Dr. Yael Ben-Zvi Morad
Post-Doctoral Fellow in Prof. Dmitry Shumsky's ISF Research
Yael Ben-Zvi Morad is both a Felix Posen Post-Doctoral Fellow at the Vidal Sassoon International Center for the Study of Antisemitism, and a Post-Doctoral Fellow in Prof. Dmitry Shumsky's ISF research; both in the Jewish History and Contemporary Jewry Department, at the Hebrew University of Jerusalem (HUJI).
She received her PhD as a Kreitman fellow from Ben-Gurion University of the Negev (BGU) in 2015 for her dissertation "First Body Feminine: Contemporary Hebrew Autobiographies by Women", under the supervision of Dr Hamutal Tsamir.
In the same year, she began her post-doc at BGU.
In 2017 she was a visiting researcher at the Leibniz Institute for Jewish History and Culture – Simon Dubnow, in Leipzig, Germany, where she analysed memoirs of Jewish Female Holocaust Survivors and their descendants, discovering unique literary techniques in these works.
In 2018 she was a member of the Young Academy Forum at The Israel Academy of Science and Humanities.
Yael is the author of the books Patricide: Gender and Nationalism in Palestinian Cinema (2011) and Wedding in the Snow (2008), as well as of numerous academic articles.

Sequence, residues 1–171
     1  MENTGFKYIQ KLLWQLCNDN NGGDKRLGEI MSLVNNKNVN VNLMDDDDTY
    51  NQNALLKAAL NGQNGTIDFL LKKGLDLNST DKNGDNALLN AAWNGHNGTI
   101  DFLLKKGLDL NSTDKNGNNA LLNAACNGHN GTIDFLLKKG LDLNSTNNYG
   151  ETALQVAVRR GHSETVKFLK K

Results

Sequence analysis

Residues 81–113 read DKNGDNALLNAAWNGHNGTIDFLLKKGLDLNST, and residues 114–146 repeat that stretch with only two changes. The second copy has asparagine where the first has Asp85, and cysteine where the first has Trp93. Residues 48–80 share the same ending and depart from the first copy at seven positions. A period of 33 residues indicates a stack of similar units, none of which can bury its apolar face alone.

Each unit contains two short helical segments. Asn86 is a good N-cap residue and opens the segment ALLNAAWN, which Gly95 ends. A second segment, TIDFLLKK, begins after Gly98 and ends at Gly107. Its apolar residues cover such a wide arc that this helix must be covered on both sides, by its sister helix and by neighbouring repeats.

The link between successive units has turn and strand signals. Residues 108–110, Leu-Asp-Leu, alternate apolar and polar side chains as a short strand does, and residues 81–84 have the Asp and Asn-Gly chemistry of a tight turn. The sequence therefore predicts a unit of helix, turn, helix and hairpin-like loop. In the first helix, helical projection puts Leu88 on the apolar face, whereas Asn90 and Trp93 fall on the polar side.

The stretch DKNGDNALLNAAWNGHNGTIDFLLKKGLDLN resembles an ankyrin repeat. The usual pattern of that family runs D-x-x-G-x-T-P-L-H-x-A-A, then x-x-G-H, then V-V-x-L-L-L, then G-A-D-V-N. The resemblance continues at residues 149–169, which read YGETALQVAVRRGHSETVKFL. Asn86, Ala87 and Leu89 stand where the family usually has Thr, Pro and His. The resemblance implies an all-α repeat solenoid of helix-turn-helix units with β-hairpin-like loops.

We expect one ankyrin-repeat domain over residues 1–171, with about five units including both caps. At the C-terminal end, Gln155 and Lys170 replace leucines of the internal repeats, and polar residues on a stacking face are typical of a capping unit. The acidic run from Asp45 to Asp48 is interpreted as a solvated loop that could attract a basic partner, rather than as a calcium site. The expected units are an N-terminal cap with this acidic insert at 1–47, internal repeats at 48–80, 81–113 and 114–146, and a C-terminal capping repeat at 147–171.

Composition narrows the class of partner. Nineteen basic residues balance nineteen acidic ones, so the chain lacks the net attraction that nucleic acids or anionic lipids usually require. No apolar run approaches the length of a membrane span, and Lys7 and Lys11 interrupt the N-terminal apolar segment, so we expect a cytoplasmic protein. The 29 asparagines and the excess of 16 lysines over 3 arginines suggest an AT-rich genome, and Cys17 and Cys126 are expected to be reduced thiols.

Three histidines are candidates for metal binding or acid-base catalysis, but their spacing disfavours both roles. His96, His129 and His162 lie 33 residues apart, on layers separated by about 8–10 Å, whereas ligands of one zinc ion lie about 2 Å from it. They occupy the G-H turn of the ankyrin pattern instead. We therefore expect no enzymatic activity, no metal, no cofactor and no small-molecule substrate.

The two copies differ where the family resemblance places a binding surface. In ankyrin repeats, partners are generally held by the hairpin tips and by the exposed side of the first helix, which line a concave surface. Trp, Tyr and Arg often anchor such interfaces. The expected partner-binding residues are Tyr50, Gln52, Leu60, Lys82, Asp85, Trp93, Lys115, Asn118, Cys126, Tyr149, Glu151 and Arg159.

Among her prizes and honors are: Prize in memory of Yael Levy Hazan for an outstanding PhD dissertation in the field of Gender and Hebrew Literature, BGU; Research and visiting scholarships, Simon Dubnow Institute for Jewish History and Culture, in Leipzig; Kreitman Post-Doctoral Fellowship, BGU; Yad Tabenkin Prize for outstanding PhD work in the field of Israel Studies; The Skirball Prize for Excellence, Heksherim Institute BGU; Kreitman Doctoral Fellowship, BGU; Support for a book publication from the Nehemia Levtzion Center for the Study of Islam, HUJI; Puzis Fellowship for Academic Excellence the, School of Cultural Studies, Tel-Aviv University (TAU); Scholarship for Outstanding Students, the Department of Film and Television, TAU.
Her main subjects of research are: Jewish and Israeli identity in literature and cinema; Palestinian cinema; autobiographies; gender and nationalism; feminine writing; Israeli and Palestinian masculinity.